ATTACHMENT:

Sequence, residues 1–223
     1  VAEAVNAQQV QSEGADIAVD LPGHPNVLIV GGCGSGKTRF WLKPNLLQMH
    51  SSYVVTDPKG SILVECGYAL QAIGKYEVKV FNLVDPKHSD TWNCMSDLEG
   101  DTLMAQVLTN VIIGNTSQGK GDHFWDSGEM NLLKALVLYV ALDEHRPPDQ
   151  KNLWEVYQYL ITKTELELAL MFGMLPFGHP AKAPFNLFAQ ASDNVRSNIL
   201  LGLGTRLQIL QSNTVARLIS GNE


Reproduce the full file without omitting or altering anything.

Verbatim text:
Sequence, residues 1–223
     1  VAEAVNAQQV QSEGADIAVD LPGHPNVLIV GGCGSGKTRF WLKPNLLQMH
    51  SSYVVTDPKG SILVECGYAL QAIGKYEVKV FNLVDPKHSD TWNCMSDLEG
   101  DTLMAQVLTN VIIGNTSQGK GDHFWDSGEM NLLKALVLYV ALDEHRPPDQ
   151  KNLWEVYQYL ITKTELELAL MFGMLPFGHP AKAPFNLFAQ ASDNVRSNIL
   201  LGLGTRLQIL QSNTVARLIS GNE